Schisms and Sects
Written by: Ted Vial
While there have been tensions within the Lutheran church (between rationalists and pietists, between those closer to or further from Reformed theology, etc.) there were few schisms in Lutheranism for much of its history.Lutheranism spread quickly from Germany to Scandinavia (Norway, Sweden, Finland, Iceland, and Denmark), and is the official state church of Denmark, Sweden, and Finland.It has been more closely tied to the specific languages and cultures of the regions in which it was dominant.In Scandinavia these are called "folk" churches.As a result, divisions within Lutheranism have tended to be along national lines.It is only in the 1980s that different Lutheran groups descended from immigrants to the United States have banded together into non-ethnic synods.
There have been some splits.In Prussia in 1817, King Friedrich Wilhelm III took the occasion of the 300th anniversary of the Reformation to form the Evangelical Union, which united Lutheran and Reformed churches with a common liturgy.Part of his motivation was personal-the king was Reformed, his wife Lutheran, and they wanted to celebrate the Lord's Supper together.But major theologians like Friedrich Schleiermacher (1768-1834) agreed that the doctrinal differences between the confessions had become so small that to maintain separate congregations was becoming anachronistic.John Scheibel, a Lutheran deacon in Breslau, refused to accept the union, and when he was deposed from office he formed a sect known as the "Old Lutherans."For a while they were persecuted, then recognized as a separate Lutheran sect, and eventually their numbers dropped to insignificance.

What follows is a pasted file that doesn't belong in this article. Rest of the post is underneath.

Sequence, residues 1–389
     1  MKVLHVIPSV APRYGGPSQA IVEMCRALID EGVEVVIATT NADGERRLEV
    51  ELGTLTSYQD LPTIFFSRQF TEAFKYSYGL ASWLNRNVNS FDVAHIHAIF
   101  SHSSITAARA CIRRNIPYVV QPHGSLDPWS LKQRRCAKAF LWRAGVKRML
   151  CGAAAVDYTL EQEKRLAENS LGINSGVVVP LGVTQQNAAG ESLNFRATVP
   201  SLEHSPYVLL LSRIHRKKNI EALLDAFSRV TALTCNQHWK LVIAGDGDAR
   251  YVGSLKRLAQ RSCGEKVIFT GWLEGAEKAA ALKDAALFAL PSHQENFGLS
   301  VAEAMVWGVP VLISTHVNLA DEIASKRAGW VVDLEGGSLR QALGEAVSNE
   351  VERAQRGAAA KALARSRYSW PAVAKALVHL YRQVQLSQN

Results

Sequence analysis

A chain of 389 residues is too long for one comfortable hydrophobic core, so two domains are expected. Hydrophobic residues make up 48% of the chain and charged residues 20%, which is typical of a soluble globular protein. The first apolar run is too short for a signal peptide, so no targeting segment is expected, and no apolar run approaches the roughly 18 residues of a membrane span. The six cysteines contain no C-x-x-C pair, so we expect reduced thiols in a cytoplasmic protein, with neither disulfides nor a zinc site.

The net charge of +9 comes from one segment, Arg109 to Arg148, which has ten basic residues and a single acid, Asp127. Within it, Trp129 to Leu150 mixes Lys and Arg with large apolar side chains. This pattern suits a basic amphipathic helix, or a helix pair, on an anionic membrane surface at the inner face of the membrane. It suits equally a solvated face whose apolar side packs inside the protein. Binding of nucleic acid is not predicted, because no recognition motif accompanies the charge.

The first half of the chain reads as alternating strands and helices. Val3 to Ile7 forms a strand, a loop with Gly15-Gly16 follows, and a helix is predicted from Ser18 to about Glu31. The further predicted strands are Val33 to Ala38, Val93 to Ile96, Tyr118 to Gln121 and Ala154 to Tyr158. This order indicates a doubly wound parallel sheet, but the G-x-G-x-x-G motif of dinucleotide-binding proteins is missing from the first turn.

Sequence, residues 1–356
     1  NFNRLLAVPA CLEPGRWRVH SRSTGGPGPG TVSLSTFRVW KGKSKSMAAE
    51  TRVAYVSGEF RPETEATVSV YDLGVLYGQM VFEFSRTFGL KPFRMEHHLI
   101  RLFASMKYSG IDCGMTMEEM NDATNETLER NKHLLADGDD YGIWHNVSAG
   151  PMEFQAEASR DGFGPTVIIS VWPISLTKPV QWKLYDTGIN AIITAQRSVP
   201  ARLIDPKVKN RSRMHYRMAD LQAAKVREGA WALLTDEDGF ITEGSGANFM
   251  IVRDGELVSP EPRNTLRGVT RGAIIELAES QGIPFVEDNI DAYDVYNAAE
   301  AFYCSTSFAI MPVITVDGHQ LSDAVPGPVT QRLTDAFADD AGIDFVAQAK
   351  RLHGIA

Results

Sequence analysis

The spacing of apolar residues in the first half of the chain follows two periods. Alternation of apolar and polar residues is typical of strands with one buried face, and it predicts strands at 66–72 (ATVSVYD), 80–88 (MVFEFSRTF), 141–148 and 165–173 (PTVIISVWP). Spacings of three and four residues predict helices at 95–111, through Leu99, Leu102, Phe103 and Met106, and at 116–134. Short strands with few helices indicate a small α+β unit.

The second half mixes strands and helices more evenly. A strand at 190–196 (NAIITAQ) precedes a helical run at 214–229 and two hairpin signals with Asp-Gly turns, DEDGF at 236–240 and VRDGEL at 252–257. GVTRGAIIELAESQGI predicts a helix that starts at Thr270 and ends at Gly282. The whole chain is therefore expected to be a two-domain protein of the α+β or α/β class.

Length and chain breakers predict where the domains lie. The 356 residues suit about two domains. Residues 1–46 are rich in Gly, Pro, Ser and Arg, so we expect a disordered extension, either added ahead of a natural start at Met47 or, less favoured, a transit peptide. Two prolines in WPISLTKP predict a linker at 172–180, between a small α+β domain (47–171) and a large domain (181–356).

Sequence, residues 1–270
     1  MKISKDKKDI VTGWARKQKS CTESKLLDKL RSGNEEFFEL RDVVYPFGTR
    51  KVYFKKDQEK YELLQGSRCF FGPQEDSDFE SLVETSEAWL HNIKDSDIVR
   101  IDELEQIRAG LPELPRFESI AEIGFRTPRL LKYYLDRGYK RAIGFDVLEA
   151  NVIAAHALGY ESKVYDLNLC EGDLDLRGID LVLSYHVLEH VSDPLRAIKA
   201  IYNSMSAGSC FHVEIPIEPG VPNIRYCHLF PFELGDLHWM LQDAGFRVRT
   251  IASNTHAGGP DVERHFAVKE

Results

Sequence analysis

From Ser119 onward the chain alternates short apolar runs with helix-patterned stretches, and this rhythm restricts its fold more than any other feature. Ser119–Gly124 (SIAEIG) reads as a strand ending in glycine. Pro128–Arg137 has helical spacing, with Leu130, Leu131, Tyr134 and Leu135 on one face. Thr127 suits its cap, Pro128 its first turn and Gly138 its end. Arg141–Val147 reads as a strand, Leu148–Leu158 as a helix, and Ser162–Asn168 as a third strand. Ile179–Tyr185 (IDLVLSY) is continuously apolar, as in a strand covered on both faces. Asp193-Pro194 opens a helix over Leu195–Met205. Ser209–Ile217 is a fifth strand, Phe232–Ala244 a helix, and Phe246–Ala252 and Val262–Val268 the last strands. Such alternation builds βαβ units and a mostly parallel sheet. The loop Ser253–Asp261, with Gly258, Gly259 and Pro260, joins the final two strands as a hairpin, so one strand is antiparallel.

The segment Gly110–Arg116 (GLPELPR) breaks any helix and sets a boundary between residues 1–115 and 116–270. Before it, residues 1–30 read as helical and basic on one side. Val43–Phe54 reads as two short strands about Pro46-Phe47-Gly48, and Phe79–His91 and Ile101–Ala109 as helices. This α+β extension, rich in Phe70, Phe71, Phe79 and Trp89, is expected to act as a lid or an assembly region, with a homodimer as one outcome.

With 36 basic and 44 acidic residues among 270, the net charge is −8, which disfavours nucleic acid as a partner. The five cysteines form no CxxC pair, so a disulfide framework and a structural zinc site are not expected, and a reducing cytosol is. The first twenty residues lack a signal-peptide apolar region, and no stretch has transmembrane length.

In the 1930s, Adolf Hitler attempted to co-opt the Lutheran Church into alignment with Nazism.He was largely successful in Germany, though Danish and Norwegian Lutherans resisted.He was aided in his efforts by two factors: 1) the close link between Lutheranism and German culture (Lutheranism as a folk religion), and 2) a Lutheran tradition of anti-Semitism.Martin Luther had at first been an advocate of Jews, seeing in them heroic resistance to what he saw as the tyranny of the Roman Catholic Church.He was convinced that the Jews, the Chosen people of God, would come over to true Christianity as he conceived of it.But after the Reformation was underway and Jews still did not convert to Lutheran Christianity, he turned on them, seeing them not as resisters to Rome but as enemies of Christianity.While this is not modern anti-Semitism in the sense that it is not tied to theories of blood and race regardless of religion, it did lead to many anti-Jewish sermons in Germany that gave rise to pogroms.A small number of Lutherans resisted Hitler's overtures and formed a separate movement, called the "Confessing Church."This church, which opposed Nazi anti-Semitism, was founded by Dietrich Bonheoffer (1906-1945), Martin Niemöller (1892-1984), and Karl Barth (1886-1968). They were resisted by those who supported Hitler, who called themselves "German Christians."Bonhoeffer was imprisoned by the Nazis for helping Jews escape to Switzerland, and was executed after his role in a plot to kill Hitler became known.